CFP: The Promise and Pitfalls of Citizen Science
American Philosophical Society
Inspired by its 2021 exhibition Dr. Franklin, Citizen Scientist, the American Philosophical Society’s Library & Museum is organizing a symposium that explores citizen science as a phenomenon. The symposium’s theme reflects the work of Benjamin Franklin and others who lacked formal training and whose work sometimes went unacknowledged but whose contributions significantly added to the advancement of knowledge. It hopes to expand upon the theme of the exhibition by exploring understandings of citizen science over time, placing historical initiatives in conversation with present day projects as well as reflecting on the future needs and opportunities of the movement.
The Library & Museum invites innovative proposals from scholars from all disciplines whose research may contribute to a conversation about the past, present, and future of citizen- or community-led science. The chronological scope of the conference is open-ended and proposals from those whose work can provide a long historical perspective on these issues are encouraged to apply.
Potential topics include (but are not limited to):
- Historical perspectives on the concept and definition of citizen science and the myriad of ways people have performed what we now often call “citizen science.”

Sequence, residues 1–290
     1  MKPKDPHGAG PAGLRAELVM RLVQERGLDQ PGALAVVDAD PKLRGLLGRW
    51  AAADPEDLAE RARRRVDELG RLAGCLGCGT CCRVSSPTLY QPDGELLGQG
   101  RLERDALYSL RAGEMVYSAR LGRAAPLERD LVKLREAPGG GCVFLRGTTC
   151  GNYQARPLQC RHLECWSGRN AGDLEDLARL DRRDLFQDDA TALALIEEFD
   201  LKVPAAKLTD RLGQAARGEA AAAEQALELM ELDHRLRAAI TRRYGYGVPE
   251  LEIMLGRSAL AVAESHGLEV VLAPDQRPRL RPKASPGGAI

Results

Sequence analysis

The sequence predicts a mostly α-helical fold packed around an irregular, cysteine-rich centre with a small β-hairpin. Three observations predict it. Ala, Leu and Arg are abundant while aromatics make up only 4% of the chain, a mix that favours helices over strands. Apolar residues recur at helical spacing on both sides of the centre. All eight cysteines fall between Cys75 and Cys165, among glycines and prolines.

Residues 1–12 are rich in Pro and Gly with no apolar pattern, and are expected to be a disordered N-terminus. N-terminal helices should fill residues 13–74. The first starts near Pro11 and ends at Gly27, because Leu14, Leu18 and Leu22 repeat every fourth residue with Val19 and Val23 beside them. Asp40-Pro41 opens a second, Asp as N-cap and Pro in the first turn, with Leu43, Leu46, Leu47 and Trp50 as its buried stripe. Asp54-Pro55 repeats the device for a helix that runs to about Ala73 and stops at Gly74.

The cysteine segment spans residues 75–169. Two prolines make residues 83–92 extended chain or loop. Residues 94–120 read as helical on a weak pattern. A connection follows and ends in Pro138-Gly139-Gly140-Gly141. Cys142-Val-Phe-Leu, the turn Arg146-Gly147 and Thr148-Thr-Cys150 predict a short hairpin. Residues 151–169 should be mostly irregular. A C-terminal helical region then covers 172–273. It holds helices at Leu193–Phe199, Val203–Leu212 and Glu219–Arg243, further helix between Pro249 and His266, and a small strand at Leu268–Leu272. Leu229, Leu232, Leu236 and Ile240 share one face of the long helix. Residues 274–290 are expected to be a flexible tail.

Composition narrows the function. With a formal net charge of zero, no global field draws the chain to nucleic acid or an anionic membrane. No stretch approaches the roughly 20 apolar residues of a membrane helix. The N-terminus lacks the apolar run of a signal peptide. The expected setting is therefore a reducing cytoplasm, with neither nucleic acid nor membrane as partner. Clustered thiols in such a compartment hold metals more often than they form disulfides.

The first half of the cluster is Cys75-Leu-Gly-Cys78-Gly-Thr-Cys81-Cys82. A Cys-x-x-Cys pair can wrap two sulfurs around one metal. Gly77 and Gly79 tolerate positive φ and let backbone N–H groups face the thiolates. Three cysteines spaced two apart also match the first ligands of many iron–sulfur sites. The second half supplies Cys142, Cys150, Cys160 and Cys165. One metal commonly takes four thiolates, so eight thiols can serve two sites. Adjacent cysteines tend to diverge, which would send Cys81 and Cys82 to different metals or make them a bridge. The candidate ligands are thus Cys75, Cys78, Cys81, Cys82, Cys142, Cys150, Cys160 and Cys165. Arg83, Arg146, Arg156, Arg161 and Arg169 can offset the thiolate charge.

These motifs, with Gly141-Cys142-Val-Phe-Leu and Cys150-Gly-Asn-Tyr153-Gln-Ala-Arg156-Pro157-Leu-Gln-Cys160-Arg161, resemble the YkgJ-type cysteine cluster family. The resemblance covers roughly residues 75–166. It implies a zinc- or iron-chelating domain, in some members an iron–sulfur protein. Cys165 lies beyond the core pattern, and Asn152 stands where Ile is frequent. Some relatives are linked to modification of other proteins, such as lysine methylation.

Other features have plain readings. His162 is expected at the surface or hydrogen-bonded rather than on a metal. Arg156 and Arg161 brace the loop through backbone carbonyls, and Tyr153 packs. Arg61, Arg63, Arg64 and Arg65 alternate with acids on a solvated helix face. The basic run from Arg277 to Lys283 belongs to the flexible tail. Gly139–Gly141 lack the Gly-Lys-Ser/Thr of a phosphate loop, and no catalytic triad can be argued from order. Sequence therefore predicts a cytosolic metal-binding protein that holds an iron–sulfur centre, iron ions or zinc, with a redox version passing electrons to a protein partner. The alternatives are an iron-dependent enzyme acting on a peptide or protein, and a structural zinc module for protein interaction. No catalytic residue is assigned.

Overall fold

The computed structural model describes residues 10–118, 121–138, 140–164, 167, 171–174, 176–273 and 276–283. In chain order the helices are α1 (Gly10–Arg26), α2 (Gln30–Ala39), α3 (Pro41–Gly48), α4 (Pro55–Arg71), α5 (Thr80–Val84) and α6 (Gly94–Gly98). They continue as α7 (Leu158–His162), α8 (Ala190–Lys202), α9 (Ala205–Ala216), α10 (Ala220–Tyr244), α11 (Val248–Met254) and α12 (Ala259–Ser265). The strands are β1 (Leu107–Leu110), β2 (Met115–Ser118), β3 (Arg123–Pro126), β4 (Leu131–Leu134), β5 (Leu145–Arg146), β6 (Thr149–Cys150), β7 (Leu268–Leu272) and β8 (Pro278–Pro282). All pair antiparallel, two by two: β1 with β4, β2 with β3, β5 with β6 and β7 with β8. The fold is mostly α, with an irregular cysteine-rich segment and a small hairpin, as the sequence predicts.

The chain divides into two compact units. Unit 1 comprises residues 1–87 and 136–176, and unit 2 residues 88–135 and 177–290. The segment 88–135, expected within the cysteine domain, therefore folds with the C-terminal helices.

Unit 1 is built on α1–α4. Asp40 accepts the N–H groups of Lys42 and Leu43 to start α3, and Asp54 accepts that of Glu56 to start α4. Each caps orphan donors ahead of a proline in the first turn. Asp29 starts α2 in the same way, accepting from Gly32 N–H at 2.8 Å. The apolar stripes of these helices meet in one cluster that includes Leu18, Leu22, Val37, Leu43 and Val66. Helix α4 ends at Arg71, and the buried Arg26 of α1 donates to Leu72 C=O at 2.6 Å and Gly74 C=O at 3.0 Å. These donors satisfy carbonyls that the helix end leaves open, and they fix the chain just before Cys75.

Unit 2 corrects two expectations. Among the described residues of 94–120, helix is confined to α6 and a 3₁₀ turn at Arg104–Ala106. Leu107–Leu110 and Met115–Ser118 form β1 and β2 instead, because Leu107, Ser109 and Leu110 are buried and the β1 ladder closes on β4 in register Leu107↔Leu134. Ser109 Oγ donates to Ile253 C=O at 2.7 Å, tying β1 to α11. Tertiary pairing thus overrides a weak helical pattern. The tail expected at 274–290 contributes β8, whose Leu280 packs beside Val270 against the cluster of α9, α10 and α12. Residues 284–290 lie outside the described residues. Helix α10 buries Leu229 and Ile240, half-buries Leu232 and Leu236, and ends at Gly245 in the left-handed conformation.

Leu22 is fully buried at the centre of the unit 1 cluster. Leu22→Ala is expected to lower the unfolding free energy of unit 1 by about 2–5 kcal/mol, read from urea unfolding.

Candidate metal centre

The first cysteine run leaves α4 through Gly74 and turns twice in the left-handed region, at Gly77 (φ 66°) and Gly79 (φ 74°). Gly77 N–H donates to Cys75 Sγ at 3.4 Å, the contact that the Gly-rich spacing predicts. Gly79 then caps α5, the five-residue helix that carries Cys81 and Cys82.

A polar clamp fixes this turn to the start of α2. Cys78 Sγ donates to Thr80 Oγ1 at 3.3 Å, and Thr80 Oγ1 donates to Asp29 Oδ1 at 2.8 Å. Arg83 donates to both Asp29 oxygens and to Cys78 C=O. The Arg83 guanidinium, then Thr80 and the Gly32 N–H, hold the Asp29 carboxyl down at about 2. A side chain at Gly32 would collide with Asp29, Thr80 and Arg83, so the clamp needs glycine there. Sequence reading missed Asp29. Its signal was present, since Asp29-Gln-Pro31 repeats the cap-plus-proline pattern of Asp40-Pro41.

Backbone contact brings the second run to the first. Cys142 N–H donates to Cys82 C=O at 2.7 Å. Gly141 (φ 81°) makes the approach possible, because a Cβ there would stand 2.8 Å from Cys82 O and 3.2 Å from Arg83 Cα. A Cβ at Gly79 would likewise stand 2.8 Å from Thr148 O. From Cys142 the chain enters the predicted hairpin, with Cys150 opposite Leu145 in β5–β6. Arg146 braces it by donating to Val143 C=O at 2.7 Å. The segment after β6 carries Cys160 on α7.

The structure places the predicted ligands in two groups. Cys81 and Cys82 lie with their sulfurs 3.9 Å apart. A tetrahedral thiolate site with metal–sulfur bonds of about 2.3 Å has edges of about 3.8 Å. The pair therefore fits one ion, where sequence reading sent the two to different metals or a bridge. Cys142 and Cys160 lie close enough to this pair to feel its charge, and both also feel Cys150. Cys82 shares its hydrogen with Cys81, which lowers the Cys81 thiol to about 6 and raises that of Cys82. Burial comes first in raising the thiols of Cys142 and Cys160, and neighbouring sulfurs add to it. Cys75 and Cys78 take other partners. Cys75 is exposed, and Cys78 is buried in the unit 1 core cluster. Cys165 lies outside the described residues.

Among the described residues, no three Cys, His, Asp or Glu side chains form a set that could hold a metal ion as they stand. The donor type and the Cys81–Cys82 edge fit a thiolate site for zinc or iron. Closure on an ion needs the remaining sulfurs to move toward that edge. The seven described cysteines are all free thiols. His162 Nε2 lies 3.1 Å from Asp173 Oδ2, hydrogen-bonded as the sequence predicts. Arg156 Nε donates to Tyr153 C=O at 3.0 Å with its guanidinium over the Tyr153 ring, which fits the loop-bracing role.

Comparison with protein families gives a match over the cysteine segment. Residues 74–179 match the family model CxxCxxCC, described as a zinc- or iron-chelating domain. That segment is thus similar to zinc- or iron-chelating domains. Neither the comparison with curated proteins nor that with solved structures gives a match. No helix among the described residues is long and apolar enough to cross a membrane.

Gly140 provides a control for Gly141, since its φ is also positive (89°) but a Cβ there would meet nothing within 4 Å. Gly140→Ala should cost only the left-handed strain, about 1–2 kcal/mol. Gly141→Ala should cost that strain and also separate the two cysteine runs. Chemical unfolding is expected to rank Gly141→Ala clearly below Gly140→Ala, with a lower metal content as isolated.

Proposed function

- The diverse range of people who have contributed to the advancement of knowledge over time, including the work of lesser-known figures and historically marginalized communities.
- The role of citizen science in promoting environmental and social justice, and for climate science.
- Outcomes of citizen science projects, such as new scientific knowledge, policy change, conservation action, or educational resources and their impact on the broader social, cultural, and political sphere.
- Recent developments in the citizen science movement, including best practices and innovative approaches. Of particular interest is the role of technology in developing projects and pedagogical techniques used to incorporate projects into the classroom.
- Issues of inequality in limiting access to scientific knowledge and participation, both historically and in the present.
- Challenges to collecting data and building trust through projects (including issues of scale), as well as possible solutions to those problems.
- Failed citizen science projects and the lessons they offer.
- The relationship between professional science and citizen science, over time and in the present, including the ways in which professionalization has changed the way scientific work is done and who can conduct it.
- International perspectives on citizen science.